Here, we round up some of the reactions to yesterday’s Budget from Phillip Hammond.
“With research suggesting that more than half (52 per cent) of young people have never given a career in construction any consideration, we certainly welcome the Government’s commitment to plans for a radical overhaul of post-16 education, involving the creation of 15 new technical education pathways,” comments David Hall, National Technical Academy Manager at British Gypsum.
Philip Hammond announced the introduction of T-Level qualifications to rival the traditional academic system and further enhance technical education. In addition, the chancellor pledged a 50 per cent increase in the number of programme hours for 16-19 year olds by 2019/20 and announced £40 million of funding for the Lifelong Learning pilots to retrain existing workers.
The National Federation of Builders (NFB) believes that introducing T-Levels and funds for developing existing workers are positive steps addressing the challenge posed by the construction skills crisis.
Rico Wojtulewicz, policy advisor for the House Builders Association (HBA), said: “It is imperative that we deliver high-quality training, but not if employment opportunities are for a transient workforce or one that is concentrated mostly in large cities.”
Yesterday’s Budget includes a few specific measures that will be welcomed by the construction industry, including funding for a further 110 free schools and the allocation of £103 million to tackle pinch-points in the national road network in the midlands and the north of England.
However, the stronger growth forecast for the UK economy to 2 per cent in 2017 is likely to have a greater positive impact upon the industry’s fortunes over the coming year.
Eddie Tuttle, Associate Director for Policy, Research and Public Affairs at the CIOB said: “The Chancellor stated that productivity was “at the very heart” of the government’s economic plan. We are keen to work with the Government to ensure construction’s contribution to improving productivity in the wider economy is better recognised.
“Regional investment that adds value throughout the country is welcomed, not least to close the investment and productivity gap between London and the rest of the UK. But for this to work, investment must be tied to training and job creation. CIOB, alongside other industry bodies, will be producing a report later this year on the value of regional investment in the UK, which aims to improve the construction-related investment decisions made by policy makers.”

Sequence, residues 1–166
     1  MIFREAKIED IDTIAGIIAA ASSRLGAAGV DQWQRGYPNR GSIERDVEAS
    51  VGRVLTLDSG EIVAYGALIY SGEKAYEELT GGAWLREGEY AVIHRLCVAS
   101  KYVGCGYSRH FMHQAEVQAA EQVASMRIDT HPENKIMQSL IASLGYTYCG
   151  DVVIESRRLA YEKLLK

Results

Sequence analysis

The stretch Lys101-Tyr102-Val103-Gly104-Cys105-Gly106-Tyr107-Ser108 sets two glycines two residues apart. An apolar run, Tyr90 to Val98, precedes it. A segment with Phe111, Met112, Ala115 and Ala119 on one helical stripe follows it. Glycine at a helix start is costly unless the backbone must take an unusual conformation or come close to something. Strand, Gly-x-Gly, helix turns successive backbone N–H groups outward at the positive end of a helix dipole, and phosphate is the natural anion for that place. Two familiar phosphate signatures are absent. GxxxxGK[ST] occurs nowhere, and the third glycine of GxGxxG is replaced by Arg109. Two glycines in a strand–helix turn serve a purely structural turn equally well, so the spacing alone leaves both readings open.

Responding to the Chancellor’s Spring Budget Statement, Brian Berry, Chief Executive of the FMB, said: “The Chancellor clearly understands that the UK won’t address the productivity challenge unless we rethink our approach to technical and vocational education.
“T-Levels could be the answer if they genuinely rival A-Levels in the eyes of parents, teachers and young people. UK society as a whole has been guilty of putting too much emphasis on the academic route – this has made it more difficult for vital sectors like construction and house building to attract the talented people we need.
“In construction, we are suffering from a severe skills shortage and this is likely to worsen once we leave the EU and no longer have easy access to European labour. This £500 million funding announced today for T-Levels is therefore a welcome and much-needed boost.”
“It was slightly disappointing, if not overly surprising, not to hear more from the Chancellor on housing in his Budget statement.
“With details of the Housing White Paper only announced last month, we will be looking closely at the implementation of those initiatives in coming months – in particular on brownfield development and supporting new housebuilding methodologies.”
Rosi Prescott, CEO Central YMCA:
“As an organisation that has helped steer many thousands of young people through an apprenticeship, the announcement by the Chancellor today to truly establish a parity of esteem between academic and technical education is warmly welcomed by Central YMCA.
“It’s no secret apprenticeships can and do act a vehicle of social mobility for students from disadvantaged backgrounds so the announcement to allow technical students access to maintenance loans is also greatly welcomed.
“It’s high time this parity of esteem was achieved and we look forward to seeing the Government plans take shape, in the face of a reforming apprenticeship programme, in the coming months and years.”